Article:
Economics Blog Recession - causation Global credit crisis Asset price deflation Rising food and oil prices Cuts in real disposable income Collapse of consumer and business sentiment De-globalisation Falling profits, investment Labour shedding Financial crisis has spread to the real economy
Economics Blog Pulling every lever Policy rates have moved to the floor (0.5%) £75bn quantitative easing (March 2009) 25% depreciation of sterling over last 12 months Injection of capital into the banking system Government borrowing of more than 12% of GDP (annual fiscal deficit > £175bn) National debt that > 80% of GDP within 2 years
Economics Blog Bank of England – From Independence to Impotence? 1.Nowhere to go on policy interest rates – liquidity trap reached? 2.Inflation target is being ignored for now (will there be a change?) 3.The key rate now is on government bonds - not the base rate 4.Government committed to HUGE borrowing £175bn in 2010 5.Will the Bank buy as many bonds as the government needs? Or will the bank say enough is enough? 6.For most people the base rate of interest is an irrelevance 1.Look at the cost of unsecured credit 2.Even if borrowing costs are low, can you actually get a loan?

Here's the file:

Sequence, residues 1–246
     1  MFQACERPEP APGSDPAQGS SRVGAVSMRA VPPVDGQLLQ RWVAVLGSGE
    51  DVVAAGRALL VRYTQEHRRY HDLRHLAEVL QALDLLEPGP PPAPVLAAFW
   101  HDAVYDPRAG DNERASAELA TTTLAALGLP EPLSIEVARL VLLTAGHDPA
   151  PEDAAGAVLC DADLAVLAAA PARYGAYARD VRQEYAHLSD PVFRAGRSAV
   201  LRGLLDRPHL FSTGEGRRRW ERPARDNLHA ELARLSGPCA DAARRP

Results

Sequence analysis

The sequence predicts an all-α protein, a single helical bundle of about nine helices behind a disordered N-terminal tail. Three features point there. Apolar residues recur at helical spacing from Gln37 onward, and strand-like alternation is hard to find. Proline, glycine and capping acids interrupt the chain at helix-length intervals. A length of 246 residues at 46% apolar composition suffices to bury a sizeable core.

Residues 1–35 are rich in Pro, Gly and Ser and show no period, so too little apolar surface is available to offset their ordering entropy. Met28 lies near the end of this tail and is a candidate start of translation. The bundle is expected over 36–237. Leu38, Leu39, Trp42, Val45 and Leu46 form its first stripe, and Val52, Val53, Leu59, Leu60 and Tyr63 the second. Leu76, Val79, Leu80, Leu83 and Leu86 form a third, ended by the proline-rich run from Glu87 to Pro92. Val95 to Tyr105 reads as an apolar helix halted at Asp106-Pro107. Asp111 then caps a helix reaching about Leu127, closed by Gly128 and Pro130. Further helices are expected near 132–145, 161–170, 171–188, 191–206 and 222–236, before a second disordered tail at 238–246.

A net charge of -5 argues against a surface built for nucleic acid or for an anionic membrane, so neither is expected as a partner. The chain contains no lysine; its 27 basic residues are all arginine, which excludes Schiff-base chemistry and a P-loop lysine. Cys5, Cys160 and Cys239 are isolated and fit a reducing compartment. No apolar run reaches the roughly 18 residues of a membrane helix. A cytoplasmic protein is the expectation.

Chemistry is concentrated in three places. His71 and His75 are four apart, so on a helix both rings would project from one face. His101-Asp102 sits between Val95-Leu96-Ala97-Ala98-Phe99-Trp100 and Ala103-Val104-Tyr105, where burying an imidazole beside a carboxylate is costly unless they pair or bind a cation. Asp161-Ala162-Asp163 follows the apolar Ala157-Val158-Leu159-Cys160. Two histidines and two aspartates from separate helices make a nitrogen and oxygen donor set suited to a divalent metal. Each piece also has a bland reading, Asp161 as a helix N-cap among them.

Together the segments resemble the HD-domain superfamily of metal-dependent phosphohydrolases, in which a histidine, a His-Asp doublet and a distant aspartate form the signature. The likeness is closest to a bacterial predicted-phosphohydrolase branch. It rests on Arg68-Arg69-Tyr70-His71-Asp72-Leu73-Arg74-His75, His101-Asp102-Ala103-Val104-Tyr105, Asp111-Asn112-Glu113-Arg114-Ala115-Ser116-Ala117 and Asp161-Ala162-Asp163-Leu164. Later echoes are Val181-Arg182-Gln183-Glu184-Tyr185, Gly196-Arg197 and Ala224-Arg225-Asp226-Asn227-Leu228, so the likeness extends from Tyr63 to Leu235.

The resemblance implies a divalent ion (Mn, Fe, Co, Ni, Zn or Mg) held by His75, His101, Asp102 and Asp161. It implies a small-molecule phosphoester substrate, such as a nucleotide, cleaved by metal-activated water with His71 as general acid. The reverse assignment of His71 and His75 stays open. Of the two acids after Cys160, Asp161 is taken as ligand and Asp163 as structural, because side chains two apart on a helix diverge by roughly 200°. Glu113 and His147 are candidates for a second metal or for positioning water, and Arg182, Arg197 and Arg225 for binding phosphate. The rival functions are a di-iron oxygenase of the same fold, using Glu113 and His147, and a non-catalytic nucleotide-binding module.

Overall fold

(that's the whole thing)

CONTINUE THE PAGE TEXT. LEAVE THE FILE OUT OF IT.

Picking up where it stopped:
Economics Blog Evaluation Monetary and fiscal policy are now joined at the hip Short term – appetite (demand) for bonds eases the problems of financing an eye-wateringly large fiscal deficit Good fiscal stimuli are timely, targeted, and temporary But there is no such thing as a free lunch Fiscal policy will need to be tightened There will be some crowding out of the private sector We cannot ignore the risk of resurgent inflation in a recovery – whenever that comes Weak sterling poses a major credit (solvency) risk for the UK government – even if we are not (quite) an Iceland
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